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Increase of Ki-67 index and influence on mortality in patients with neuroendocrine neoplasms

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An increase in the Ki-67 index in neuroendocrine neoplasms over time in relation to prognosis has scarcely been investigated. We aimed to assess whether the Ki-67 index changed over time and also whether a change influenced prognosis. Second, we investigated the difference in the Ki-67 index between primary tumour and metastases. From 1 January 1995 to 31 December 2019, 108 consecutive patients with gastroenteropancreatic tumours were included. Patients were followed with regard to an increase in the Ki-67 index and all-cause mortality. Ki-67 determination of the primary tumour at diagnosis and at the time of radiological progression, including developed metastases, was performed. A significant increase in the Ki-67 index was defined as a doubling of the value at disease progression compared to the value at diagnosis. In addition, in 14 patients, the Ki-67 index of the primary tumour and present metastases at the time of diagnosis was investigated. At diagnosis, there were no differences in the Ki-67 index between primary tumours and metastases (P = .41). Sixty-five patients had a doubling of the Ki-67 index. The median Ki-67 index at the time of progression 17% (1%-90%) vs 5% (1%-60%) at the time of diagnosis (P = .006). A doubling of the Ki-67 index was independently associated with all-cause mortality (hazard ratio = 2.7 [1.3-6.3], P = 0.02), after adjustment for relevant co-variables including the Ki-67 index at baseline. Doubling of the Ki-67 index at the time of disease progression was associated with a significantly higher risk of all-cause mortality. We recommend that a Ki-67 index is obtained whenever disease progression is recorded by demonstrated progression because it may have impact on the choice of treatment.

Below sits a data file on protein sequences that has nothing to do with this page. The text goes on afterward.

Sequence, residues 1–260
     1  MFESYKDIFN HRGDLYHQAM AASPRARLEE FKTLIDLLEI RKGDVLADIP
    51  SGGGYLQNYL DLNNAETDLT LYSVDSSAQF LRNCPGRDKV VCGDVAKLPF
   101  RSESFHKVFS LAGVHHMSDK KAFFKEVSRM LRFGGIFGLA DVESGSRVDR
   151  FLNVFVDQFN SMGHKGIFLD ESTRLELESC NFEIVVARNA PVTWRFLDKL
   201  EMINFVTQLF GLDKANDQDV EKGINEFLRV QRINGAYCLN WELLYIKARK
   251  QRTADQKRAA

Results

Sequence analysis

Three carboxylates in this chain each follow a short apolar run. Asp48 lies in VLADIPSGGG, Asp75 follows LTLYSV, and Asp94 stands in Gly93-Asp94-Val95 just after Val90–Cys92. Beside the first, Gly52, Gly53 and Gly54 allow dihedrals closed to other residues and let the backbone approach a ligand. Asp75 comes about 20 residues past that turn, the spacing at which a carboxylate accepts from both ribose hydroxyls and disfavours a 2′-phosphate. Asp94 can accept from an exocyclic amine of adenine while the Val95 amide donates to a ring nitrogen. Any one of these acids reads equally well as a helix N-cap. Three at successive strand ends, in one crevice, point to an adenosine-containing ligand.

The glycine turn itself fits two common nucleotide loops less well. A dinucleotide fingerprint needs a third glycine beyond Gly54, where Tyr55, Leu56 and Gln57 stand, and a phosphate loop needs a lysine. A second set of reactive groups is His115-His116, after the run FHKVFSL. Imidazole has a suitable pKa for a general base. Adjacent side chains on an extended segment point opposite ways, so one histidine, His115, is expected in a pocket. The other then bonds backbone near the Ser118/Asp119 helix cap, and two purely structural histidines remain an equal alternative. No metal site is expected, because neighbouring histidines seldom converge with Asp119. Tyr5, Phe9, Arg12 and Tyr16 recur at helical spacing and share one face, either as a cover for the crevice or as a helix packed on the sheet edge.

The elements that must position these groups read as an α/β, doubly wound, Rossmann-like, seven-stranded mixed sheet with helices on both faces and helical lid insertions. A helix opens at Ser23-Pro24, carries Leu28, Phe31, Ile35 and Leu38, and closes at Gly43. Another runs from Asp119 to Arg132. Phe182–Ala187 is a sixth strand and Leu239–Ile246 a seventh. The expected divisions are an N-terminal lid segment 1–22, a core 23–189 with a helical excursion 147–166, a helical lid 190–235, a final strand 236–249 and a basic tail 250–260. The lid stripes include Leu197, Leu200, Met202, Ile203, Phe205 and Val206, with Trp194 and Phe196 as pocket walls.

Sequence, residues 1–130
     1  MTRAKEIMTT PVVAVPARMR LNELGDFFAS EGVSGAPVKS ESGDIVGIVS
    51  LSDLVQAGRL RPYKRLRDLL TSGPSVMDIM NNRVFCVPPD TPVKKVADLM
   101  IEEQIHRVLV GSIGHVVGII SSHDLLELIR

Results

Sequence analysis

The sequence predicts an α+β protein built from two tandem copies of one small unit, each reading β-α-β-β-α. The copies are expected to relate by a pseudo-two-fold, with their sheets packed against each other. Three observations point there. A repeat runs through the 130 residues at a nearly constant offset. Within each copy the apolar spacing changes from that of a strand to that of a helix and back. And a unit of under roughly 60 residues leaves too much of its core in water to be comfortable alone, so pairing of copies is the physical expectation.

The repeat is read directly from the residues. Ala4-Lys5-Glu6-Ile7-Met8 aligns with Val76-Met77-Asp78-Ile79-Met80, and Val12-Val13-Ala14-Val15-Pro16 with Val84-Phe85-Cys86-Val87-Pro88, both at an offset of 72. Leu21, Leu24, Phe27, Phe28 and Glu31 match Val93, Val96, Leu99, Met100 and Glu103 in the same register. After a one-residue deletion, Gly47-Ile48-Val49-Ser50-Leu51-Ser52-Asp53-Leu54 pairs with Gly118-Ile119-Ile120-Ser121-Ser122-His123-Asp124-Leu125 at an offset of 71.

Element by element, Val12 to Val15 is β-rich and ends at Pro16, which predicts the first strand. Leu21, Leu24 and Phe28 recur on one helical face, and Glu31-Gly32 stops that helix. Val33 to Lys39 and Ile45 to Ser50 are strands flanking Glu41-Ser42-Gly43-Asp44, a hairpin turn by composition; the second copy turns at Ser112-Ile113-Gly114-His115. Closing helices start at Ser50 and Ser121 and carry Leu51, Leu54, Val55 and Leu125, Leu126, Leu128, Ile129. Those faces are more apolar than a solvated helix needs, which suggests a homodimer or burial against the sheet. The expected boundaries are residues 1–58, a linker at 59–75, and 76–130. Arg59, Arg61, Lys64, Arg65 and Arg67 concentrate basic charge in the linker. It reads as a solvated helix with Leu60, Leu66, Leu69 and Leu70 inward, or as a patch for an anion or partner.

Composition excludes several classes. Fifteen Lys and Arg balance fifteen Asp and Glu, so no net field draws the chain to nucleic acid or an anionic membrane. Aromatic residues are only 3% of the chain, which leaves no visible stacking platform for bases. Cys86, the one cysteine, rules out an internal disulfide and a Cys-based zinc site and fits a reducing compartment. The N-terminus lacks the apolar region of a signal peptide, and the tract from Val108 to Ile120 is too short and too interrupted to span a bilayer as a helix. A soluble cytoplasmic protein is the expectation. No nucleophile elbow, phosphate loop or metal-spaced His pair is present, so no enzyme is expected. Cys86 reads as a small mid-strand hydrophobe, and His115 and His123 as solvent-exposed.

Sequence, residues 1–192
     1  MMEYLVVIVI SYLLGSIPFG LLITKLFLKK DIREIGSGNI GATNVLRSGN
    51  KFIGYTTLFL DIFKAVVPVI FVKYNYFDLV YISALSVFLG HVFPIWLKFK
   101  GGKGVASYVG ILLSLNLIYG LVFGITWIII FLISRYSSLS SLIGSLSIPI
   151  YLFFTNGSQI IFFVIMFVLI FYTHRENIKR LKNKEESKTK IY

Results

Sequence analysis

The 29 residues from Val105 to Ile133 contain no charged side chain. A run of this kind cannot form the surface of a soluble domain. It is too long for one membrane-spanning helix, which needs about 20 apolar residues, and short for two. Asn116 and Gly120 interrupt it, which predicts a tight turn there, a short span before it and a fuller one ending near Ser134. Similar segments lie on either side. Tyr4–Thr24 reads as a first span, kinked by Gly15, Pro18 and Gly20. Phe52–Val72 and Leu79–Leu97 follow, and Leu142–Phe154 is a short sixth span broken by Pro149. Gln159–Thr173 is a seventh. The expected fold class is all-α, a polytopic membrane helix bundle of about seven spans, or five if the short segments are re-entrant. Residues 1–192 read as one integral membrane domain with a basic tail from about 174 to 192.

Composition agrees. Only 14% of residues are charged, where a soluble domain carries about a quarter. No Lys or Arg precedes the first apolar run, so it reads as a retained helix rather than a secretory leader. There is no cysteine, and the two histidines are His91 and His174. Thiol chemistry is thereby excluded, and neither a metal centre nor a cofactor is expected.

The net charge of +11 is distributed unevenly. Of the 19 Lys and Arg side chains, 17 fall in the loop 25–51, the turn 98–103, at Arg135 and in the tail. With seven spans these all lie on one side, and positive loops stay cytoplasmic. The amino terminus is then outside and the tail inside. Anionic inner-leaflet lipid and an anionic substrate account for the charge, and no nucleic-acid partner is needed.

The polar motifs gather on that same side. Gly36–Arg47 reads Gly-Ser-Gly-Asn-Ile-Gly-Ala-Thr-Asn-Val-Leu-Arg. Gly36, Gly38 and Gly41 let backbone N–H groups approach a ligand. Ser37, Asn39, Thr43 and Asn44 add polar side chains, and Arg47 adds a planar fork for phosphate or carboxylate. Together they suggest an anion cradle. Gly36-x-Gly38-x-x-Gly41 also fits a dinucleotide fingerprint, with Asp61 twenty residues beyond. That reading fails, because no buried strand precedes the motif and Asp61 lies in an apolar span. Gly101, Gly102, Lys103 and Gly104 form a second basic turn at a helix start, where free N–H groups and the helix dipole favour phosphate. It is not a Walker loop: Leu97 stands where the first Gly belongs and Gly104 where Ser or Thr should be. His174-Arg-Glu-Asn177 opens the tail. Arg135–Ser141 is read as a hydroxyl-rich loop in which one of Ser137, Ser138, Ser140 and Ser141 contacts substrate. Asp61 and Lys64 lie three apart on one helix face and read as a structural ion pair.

OriginalsprogEngelsk
Artikelnummere13018
TidsskriftJournal of Neuroendocrinology
Vol/bind33
Udgave nummer9
Sider (fra-til)e13018
ISSN0953-8194
DOI
StatusUdgivet - sep. 2021

Bibliografisk note

© 2021 British Society for Neuroendocrinology.

ID: 68601249